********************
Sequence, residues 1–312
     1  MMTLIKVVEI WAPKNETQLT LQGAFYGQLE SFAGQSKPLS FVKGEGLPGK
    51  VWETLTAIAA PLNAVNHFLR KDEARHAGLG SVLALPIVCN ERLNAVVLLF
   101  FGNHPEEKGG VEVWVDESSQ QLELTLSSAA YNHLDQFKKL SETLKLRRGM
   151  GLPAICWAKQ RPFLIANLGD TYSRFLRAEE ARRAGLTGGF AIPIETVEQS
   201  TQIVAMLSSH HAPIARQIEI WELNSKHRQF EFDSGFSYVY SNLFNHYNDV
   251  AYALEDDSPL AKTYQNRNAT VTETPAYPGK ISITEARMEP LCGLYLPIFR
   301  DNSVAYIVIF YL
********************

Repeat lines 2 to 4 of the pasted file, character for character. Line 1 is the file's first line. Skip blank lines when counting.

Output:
     1  MMTLIKVVEI WAPKNETQLT LQGAFYGQLE SFAGQSKPLS FVKGEGLPGK
    51  VWETLTAIAA PLNAVNHFLR KDEARHAGLG SVLALPIVCN ERLNAVVLLF
   101  FGNHPEEKGG VEVWVDESSQ QLELTLSSAA YNHLDQFKKL SETLKLRRGM